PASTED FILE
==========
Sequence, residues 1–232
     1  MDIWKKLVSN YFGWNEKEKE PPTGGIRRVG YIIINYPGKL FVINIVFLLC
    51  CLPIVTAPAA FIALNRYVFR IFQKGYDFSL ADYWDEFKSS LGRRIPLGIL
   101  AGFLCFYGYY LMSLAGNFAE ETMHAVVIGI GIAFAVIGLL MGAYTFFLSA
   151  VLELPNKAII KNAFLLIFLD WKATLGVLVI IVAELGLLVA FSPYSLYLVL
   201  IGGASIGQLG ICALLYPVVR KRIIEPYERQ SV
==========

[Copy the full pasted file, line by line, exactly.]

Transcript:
Sequence, residues 1–232
     1  MDIWKKLVSN YFGWNEKEKE PPTGGIRRVG YIIINYPGKL FVINIVFLLC
    51  CLPIVTAPAA FIALNRYVFR IFQKGYDFSL ADYWDEFKSS LGRRIPLGIL
   101  AGFLCFYGYY LMSLAGNFAE ETMHAVVIGI GIAFAVIGLL MGAYTFFLSA
   151  VLELPNKAII KNAFLLIFLD WKATLGVLVI IVAELGLLVA FSPYSLYLVL
   201  IGGASIGQLG ICALLYPVVR KRIIEPYERQ SV